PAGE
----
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United States v. Egenberg

decided: May 26, 1971.

UNITED STATES OF AMERICA, APPELLANT, AND BERNARD O. PELLER, SPECIAL AGENT, INTERNAL REVENUE SERVICE,
v.
NORMAN H. EGENBERG



Ganey, Van Dusen and Gibbons, Circuit Judges.

Author: Gibbons

Opinion OF THE COURT

GIBBONS, Circuit Judge.

The Government appeals from an order of the district court which denied judicial enforcement of twelve Internal Revenue Service summonses issued under authority of Section 7602 of the Internal Revenue Code of 1954, 26 U.S.C. § 7602 (1964), and Treasury Regulation § 301.7602-1 (T.D. 6421, October 23, 1959, and T.D. 6498, October 24, 1960). The petition to the district court was filed pursuant to Sections 7402(b) and 7604(a) of the Internal Revenue Code of 1954, 26 U.S.C. §§ 7402(b), 7604(a) (1964).

Appellee Egenberg is a certified public accountant who has prepared tax returns for various taxpayers including several non-resident opera performers who have performed in the United States. Each summons seeks from Egenberg records which an opera performer turned over to him for the purpose of having prepared United States Departing Alien Tax Returns (Form 1040c). These forms are the equivalent of an income tax return.

The petition discloses that the Internal Revenue Service wants the records in connection with an investigation of Egenberg's civil tax liability for the years 1960 through 1966. The supporting affidavit by Special Agent Peller alleges that the client records are material to an investigation of Egenberg's tax liability in that the documents will show:

"a). The fees paid by respondent's clients for services rendered;

b). fees or commissions due respondent based on refunds obtained by respondent on behalf of his clients;

c). various business and financial transactions between respondent and his clients relating to matters other than in the preparation of tax returns; and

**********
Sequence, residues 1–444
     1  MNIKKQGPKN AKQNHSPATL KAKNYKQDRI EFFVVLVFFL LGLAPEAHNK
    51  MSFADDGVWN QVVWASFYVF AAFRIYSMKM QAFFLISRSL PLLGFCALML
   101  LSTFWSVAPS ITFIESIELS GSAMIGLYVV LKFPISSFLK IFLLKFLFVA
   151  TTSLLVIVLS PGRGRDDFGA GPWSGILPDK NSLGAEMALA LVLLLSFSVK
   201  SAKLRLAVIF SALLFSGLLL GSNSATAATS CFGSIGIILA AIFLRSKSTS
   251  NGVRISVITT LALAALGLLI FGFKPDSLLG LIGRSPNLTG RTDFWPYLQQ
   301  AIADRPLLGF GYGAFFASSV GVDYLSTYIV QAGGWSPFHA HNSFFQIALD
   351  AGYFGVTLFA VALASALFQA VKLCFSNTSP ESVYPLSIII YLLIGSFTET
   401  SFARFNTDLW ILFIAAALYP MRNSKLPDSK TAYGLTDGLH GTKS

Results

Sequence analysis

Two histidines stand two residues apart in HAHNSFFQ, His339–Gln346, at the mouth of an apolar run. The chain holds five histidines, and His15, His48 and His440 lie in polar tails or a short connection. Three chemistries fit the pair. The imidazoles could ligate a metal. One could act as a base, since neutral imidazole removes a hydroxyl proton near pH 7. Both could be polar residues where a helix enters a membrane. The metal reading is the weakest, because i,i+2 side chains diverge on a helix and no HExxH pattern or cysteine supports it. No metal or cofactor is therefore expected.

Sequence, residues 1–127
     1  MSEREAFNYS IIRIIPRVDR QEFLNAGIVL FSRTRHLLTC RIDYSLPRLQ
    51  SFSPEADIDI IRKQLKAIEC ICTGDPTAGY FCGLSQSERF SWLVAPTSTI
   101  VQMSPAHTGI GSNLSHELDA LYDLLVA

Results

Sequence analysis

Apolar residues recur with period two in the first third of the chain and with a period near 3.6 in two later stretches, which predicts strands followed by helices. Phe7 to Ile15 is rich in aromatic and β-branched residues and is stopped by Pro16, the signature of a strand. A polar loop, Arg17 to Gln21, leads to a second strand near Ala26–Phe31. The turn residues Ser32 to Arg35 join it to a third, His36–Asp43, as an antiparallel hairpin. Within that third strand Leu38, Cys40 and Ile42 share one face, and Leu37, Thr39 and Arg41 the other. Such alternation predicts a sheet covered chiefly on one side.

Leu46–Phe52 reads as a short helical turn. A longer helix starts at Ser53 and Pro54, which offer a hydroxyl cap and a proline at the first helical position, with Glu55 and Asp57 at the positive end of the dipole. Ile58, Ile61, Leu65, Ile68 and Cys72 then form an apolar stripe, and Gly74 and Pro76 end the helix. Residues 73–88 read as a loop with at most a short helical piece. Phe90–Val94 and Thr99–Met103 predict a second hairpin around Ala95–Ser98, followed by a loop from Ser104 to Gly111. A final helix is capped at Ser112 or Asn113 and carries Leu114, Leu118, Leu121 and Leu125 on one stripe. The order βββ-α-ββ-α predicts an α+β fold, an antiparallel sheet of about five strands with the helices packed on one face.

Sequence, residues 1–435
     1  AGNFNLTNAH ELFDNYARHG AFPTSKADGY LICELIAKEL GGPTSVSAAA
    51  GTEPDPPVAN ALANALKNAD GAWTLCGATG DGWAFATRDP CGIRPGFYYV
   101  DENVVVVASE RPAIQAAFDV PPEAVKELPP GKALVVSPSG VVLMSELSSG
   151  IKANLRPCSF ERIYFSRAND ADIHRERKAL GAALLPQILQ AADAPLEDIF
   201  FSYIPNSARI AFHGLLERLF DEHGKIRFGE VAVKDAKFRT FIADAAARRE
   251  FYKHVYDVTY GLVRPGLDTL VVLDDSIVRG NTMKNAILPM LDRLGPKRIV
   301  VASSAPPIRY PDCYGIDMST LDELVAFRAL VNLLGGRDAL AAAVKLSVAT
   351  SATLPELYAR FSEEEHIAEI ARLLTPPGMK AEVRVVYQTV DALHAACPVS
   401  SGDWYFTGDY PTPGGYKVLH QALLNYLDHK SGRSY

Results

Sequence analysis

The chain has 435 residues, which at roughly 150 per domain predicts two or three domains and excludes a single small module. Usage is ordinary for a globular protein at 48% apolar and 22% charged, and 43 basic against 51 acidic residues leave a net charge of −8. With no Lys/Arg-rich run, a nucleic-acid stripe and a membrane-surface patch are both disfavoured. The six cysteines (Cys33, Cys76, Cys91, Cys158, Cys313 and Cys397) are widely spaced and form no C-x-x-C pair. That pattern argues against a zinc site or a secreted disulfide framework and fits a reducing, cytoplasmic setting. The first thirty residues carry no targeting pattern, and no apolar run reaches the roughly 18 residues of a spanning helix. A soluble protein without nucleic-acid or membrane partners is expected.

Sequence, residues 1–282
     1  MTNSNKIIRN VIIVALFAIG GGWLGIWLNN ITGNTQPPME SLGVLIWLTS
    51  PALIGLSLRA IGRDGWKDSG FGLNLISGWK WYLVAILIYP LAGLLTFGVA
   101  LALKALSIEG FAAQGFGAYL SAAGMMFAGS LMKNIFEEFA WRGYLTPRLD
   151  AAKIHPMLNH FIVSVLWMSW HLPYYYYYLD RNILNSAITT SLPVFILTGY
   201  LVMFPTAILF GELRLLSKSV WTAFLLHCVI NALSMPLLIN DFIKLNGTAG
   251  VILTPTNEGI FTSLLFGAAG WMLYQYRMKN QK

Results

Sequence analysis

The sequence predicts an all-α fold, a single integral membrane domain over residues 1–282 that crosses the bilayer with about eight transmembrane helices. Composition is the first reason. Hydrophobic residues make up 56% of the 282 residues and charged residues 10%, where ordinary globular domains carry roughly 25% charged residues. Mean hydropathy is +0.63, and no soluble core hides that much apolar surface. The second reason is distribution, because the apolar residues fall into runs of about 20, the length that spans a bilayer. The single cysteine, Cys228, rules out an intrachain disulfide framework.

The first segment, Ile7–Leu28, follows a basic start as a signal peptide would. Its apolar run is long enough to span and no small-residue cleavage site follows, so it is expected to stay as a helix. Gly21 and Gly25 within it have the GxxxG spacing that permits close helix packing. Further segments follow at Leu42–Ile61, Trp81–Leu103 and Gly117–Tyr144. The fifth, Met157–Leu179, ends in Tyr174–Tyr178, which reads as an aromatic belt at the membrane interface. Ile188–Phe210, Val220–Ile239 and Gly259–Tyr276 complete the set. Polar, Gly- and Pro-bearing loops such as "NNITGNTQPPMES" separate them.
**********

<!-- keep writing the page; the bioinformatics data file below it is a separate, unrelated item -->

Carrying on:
d). the relationships and transactions between respondent and his clients from which income may have been generated."

In opposition to the petition appellant filed two affidavits. One of these, by an attorney, alleged that Egenberg had appeared on September 19, 1967 before the Special Agent in response to the summonses and had turned over twenty-three documents, representing that he had no other papers in his possession. The other, by Egenberg, disclosed that Egenberg had, on January 15, 1968, been indicted in the Southern District of New York for bribing a tax technician of the Internal Revenue Service. A supplemental affidavit by Egenberg alleged that the purpose of the summonses was to provide information that would be available to the United States Attorney for the Southern District of New York in the pending prosecution.

The district court heard the testimony of Egenberg and of Agent Peller, and had before it the depositions of five of Egenberg's artist clients*fn1 and one artist's representative.*fn2 Egenberg admitted having in his possession records belonging to Leonie Rysanek and to Mario Sereni. He denied having in his possession other records covered by the summonses, but that denial is contradicted in several respects by the depositions. He refused to turn over even those records he admitted having, and he refused to identify the representative of Birgit Nilsson to whom he claimed to have delivered her records. He asserted the privilege against self-incrimination, but also testified:

"THE COURT: Mr. Egenberg, how do you claim the Fifth Amendment privilege against self-incrimination in connection with records that do not belong to you? What is the basis for your claim of privilege?

THE WITNESS: I think I am protecting the rights of the taxpayer.

THE COURT: You are? That's what ...


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